At Westfield Junior School, we use the Talk for Writing approach. Talk for Writing is an engaging teaching framework developed by Pie Corbett, supported by Julia Strong.
The key phases of the Talk for Writing process enable children to imitate orally the language they need for a particular topic, before reading and analysing it, and then writing their own version.
Baseline assessment and planning - 'cold task'
Teaching is focused by initial assessment. Teachers use what is known as a ‘cold’ task. An interesting and rich starting point provides the stimulus and content but there is no initial teaching. The aim of this is to see what the children can do independently at the start of a unit, drawing on their prior learning. Assessment of their writing helps the teacher work out what to teach the whole class, different groups and adapt the model text and plan. Targets can then be set for individuals. By the end of the unit, pupils complete a ‘hot’ task which is an independent task on a similar type of writing with an interesting stimulus. Progress should be evident which encourages pupils and helps schools track the impact of teaching.
1. The imitation phase
The teaching begins with some sort of creative ‘hook’ which engages the pupils, often with a sense of enjoyment, audience and purpose. Writing challenges provide a sense of purpose. The model text is pitched well above the pupils’ level and has built into it the underlying, transferable structures and language patterns that pupils will need when they are writing. This is learned using a ‘text map’ and actions to strengthen memory and help pupils internalise the text. Activities such as drama are used to deepen understanding of the text.
Once pupils can ‘talk like the text’, the model, and other examples, are then read for vocabulary and comprehension, before being analysed for the basic text (boxing up) and language patterns, as well as writing techniques or toolkits. All of this phase is underpinned by rehearsing key spellings and grammatical patterns. Short-burst writing is used to practise key focuses such as description, persuasion or scientific explanation.
2. The innovation phase
Once pupils are familiar with the model text, then the teacher leads them into creating their own versions. A new subject is presented and the teacher leads pupils through planning. With younger pupils, this is based on changing the basic map and retelling new versions. Older pupils use boxed-up planners and the teacher demonstrates how to create simple plans and orally develop ideas prior to writing. Ideas may need to be generated and organised or information researched and added to a planner. Shared and guided writing is then used to stage writing over a number of days so that pupils are writing texts bit by bit, concentrating on bringing all the elements together, writing effectively and accurately. Feedback is given during the lessons, as well as using some form of visualiser on a daily basis, so that pupils can be taught how to improve their writing, make it more accurate, until they can increasingly edit in pairs or on their own.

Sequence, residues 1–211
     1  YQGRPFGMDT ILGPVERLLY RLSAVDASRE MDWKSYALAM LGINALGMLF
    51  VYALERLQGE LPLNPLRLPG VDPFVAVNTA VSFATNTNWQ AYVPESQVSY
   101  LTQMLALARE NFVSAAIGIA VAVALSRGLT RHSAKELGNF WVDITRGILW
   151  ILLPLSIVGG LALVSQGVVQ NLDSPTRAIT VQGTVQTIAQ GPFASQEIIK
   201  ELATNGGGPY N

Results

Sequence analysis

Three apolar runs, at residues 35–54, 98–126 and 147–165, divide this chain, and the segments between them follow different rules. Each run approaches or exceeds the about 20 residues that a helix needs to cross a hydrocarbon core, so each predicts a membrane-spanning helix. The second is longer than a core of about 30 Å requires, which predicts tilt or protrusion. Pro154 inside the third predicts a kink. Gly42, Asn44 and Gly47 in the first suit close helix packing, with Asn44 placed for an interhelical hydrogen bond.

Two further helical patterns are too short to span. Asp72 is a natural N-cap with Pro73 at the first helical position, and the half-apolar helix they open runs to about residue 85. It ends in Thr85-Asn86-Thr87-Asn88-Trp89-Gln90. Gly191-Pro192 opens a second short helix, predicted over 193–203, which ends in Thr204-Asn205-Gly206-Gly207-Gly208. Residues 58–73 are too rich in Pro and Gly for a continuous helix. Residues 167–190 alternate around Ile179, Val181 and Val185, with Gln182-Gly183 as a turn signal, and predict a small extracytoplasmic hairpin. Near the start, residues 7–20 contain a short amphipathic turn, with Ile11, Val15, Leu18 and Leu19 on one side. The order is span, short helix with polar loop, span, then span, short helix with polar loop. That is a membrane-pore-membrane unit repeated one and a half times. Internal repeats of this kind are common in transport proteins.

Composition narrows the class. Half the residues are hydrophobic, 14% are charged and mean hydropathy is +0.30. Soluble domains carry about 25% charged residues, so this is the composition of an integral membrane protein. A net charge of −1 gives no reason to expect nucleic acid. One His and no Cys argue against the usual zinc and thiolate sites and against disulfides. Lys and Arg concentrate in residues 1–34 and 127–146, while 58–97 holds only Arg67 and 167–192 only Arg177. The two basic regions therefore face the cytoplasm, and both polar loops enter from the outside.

3. Independent application and invention - 'hot task'
Eventually, pupils move on to the third phase, which is when they apply independently what has been taught and practised. Before this happens, the teacher may decide to give further input and rehearsal. Pupils are guided through planning, drafting and revising their work independently. It is essential to provide a rich starting point that taps into what pupils know and what matters so that their writing is purposeful. Writing may be staged over a number of days and there may be time for several independent pieces to be written. With non-fiction, pupils should apply what they have been taught across the curriculum. The final piece is used as the ‘hot’ task, which clearly shows progress across the unit.
No Nonsense Spelling
At Westfield Junior School, we use the award winning No Nonsense Spelling Programme.
What is the No Nonsense Spelling Programme?
The No Nonsense Spelling Programme was devised to offer teachers a comprehensive yet accessible progression in the teaching of spelling. Guidance, rather than prescription, is provided on how to teach the strategies, knowledge and skills pupils need to learn.
The focus of the programme is on the teaching of spelling, which embraces knowledge of spelling conventions – patterns and rules; but integral to the teaching is the opportunity to promote the learning of spellings, including statutory words, common exceptions and personal spellings.
How No Nonsense Spelling is organised
The programme consists of the following elements:
- The requirements of the National Curriculum, which have been organised into strands and then broken down into termly overviews.
- Termly overviews that have been mapped across weeks as half termly plans. These follow a model of five spelling sessions across two weeks.
- Daily lesson plans for each session, with Supporting Resources, including word lists and guidance on conventions.
Each lesson is approximately 10 to 15 minutes long, but lesson plans are flexible so that the teaching can reflect the extra time needed on a teaching point if required. Each new concept is taught, practised and then applied and assessed. Frequently there is also a ‘Revise’ session before the teaching session. A typical teaching sequence is as follows:
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